# Homework Help: Determining Velocity with Projectile Motion

1. Oct 31, 2007

### TexasCow

1. The problem statement, all variables and given/known data
Ok Im having slight trouble with a homework problem. An arrow was launched at an angle, and hit a balloon that was 150m away and 100m up. I used my distance equations along with initial velocity to calculate the two angles that can be used to hit the balloon, but I'm stuck on the next part. I used t=dx/vx to solve for time, and now I need to solve for the velocity when the arrow hits the balloon. I'm sure it's a simple problem but I'm stuck!

Initial Velocity=60m/s
Distance from 0=150m
Height in Y direction=100m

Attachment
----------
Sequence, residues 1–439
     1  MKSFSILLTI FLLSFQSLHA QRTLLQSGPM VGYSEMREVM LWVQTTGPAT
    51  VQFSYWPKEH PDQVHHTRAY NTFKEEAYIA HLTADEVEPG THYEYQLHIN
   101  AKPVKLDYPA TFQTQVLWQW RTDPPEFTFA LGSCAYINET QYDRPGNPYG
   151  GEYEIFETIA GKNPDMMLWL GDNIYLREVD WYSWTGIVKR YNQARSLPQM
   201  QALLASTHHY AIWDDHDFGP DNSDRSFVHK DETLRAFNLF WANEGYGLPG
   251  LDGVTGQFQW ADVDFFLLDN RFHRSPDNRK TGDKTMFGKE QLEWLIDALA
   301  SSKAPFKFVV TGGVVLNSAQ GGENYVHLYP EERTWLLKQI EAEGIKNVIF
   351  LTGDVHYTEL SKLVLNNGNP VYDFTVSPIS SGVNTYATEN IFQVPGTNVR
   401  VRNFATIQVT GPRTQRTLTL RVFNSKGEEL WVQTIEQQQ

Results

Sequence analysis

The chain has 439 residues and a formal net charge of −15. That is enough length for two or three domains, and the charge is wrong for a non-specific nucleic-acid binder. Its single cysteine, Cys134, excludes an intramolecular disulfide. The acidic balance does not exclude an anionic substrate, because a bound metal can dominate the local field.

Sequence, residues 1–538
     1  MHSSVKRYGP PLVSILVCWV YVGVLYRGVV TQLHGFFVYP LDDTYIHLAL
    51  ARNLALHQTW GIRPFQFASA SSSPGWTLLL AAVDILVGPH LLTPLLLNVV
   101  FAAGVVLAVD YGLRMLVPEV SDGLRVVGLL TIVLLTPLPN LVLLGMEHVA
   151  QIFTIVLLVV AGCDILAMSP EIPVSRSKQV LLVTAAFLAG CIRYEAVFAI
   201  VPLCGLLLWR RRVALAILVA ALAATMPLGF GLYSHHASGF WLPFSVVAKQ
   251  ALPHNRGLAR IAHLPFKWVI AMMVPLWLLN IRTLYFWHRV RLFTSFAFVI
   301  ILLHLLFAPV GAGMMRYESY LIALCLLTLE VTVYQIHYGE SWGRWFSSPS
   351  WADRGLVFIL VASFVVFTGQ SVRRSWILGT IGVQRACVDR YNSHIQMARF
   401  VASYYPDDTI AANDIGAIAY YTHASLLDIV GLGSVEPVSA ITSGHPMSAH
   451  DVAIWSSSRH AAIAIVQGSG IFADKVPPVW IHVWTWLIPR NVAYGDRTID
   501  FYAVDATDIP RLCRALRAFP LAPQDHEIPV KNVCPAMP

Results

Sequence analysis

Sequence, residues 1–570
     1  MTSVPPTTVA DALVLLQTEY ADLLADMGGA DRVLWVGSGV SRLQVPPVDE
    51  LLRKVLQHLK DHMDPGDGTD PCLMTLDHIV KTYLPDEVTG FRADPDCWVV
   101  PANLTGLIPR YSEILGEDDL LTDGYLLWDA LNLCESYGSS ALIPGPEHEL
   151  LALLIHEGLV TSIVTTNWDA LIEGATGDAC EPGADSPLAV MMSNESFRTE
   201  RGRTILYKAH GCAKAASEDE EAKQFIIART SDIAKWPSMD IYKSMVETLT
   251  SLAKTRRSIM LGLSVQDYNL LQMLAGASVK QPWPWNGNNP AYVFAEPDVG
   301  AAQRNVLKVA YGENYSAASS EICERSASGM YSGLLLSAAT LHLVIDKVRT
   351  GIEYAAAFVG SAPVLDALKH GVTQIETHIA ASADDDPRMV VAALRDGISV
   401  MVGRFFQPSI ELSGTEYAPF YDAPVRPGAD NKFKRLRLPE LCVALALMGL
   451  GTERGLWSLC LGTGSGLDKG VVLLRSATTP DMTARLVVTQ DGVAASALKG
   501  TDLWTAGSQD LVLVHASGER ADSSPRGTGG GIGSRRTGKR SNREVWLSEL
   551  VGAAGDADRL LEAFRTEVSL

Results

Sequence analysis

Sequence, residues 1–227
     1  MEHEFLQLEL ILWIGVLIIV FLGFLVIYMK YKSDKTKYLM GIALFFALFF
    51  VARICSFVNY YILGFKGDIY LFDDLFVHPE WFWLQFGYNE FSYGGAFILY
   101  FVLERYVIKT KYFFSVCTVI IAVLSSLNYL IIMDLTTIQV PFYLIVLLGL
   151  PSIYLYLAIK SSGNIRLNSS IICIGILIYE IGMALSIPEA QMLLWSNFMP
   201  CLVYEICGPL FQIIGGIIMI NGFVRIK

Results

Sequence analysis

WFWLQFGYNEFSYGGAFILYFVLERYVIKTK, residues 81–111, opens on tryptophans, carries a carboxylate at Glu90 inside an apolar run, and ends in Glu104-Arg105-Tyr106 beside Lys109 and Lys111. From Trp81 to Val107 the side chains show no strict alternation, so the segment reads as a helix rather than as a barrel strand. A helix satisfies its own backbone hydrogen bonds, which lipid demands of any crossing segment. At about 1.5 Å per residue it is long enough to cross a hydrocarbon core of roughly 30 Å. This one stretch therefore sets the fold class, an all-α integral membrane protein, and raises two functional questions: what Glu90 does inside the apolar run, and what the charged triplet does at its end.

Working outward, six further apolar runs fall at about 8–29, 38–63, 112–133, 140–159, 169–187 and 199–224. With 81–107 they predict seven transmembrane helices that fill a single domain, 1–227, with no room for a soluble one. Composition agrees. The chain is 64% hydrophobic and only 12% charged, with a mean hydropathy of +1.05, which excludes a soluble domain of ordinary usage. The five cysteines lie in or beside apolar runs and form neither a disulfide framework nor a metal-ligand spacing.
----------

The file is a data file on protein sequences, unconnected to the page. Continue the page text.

dy=Voy(t)-4.9t^2

Vx=Vcos(x)
Vy=Vsin(x)

t=dx/vx

I used the four equations above to solve for the angle(s). Then put in the velocities to solve for time. How do I solve for velocity when the arrow hits the balloon?

2. Oct 31, 2007

### saket

You know vertical displacement, you can calculate Vy. Vx will remain constant.

3. Nov 1, 2007

### TexasCow

Should I use Vy=Voy+at?

4. Nov 1, 2007

### HallsofIvy

Yes, if you know V0y and t, you can use that to solve for Vy. You already know that Vx= V0x.

5. Nov 1, 2007

### TexasCow

Yes, I know that Vx is constant throughout the motion. So using Vy=Voy+at, I can solve for the velocity at any one point in time at a certain height?

6. Nov 1, 2007

### saket

You are given height, acceleration due to gravity, and initial Vy. Think of some other s-u-v-a-t formula which could give you final Vy at a given height more quickly!

P.S.:
1. You will get two Vy at a particular heght.. I hope you can decide which one to take!
2. From Vy thus obtained and Vx, you can, of course, obtain final velocity.